Poverty Awareness Month

Posted on: January 23rd, 2015

January is Poverty Awareness Month. Poverty in this case indicates a degree of deficiency in economic resources; in other words, a lack of financial stability. According to the US Census Bureau, more than 45 million Americans lived in poverty in 2013. More than 19 million of those Americans were children. More than 30% of all children in Chicago are legally homeless. (Data taken from the Chicago Coalition for the Homeless FAQ page). Access to food resources is limited by poverty, impacting both health and academic performance.

There are structural difficulties that we often don’t consider for those who want to overcome the cycle of poverty.  In the Chicago area, one would need to make more than 18$ an hour working full time to afford a two bedroom apartment, food, and basic utilities. Currently, more than 13% of the homeless in Chicago had employment. And many of the jobs here in the United States don’t pay a living wage, the hourly amount needed to support a household of someone working full time (http://livingwage.mit.edu/).

The United States Conference of Catholic Bishops Catholic Campaign for Human Development is particularly invested in addressing the issue of poverty in the United States.  Their website and project, Poverty USA, offers an opportunity to learn and engage, take action, and reflect spiritually on the issue of poverty in this country.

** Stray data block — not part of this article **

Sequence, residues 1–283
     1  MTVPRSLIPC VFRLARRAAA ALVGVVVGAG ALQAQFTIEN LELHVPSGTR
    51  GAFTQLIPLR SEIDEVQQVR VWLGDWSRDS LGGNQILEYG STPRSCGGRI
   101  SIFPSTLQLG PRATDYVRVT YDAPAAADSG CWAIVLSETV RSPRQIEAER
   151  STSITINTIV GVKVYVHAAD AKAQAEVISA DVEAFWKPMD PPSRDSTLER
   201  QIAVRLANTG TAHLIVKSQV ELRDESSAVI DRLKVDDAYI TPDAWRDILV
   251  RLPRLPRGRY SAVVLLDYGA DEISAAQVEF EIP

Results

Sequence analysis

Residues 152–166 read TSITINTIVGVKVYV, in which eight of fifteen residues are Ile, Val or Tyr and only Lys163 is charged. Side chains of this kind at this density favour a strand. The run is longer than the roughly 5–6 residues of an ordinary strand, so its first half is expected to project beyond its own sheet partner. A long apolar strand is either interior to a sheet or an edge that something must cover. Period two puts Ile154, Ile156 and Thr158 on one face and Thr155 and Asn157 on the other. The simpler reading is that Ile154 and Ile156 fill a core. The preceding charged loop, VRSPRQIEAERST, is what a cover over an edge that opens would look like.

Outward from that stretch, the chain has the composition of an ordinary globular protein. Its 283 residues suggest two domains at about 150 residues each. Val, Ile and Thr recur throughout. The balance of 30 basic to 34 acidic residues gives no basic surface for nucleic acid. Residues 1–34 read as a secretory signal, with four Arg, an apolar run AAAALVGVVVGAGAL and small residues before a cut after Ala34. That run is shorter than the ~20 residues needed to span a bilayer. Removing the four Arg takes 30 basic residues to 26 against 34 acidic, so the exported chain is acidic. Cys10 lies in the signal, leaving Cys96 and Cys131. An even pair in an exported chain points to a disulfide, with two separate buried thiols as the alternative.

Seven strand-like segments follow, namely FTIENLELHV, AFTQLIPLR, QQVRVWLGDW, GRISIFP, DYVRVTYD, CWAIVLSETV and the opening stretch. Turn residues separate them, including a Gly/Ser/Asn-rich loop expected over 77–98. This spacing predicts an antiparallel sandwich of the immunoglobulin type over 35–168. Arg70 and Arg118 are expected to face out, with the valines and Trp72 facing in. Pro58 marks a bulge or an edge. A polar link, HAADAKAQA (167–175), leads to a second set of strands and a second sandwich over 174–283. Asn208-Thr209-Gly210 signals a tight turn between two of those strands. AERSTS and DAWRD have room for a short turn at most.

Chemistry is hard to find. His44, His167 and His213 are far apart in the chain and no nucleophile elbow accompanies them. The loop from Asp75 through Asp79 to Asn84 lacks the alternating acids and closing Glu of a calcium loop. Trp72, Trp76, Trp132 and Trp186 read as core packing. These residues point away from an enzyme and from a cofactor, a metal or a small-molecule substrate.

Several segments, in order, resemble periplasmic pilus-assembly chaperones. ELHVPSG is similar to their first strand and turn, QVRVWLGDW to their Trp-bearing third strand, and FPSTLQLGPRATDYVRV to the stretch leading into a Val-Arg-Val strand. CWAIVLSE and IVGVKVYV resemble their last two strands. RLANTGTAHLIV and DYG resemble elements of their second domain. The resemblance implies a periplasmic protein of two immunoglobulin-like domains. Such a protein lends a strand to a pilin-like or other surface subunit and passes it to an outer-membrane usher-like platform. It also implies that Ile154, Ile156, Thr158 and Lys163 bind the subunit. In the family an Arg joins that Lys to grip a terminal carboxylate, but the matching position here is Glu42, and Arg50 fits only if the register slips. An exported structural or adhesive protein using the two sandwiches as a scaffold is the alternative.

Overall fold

Here at Loyola,  the “Poverty Simulation Workshop: An Experiential Learning Strategy on Social Justice Development” is one opportunity for faculty and students to learn more about the challenges of poverty by participating in this one day, three hour, workshop. For questions about how faculty are integrating this experience into coursework, contact: Jorgia Connor, PhD, RN Please direct other questions and RSVP by January 30, 2015 to Mickey Hade






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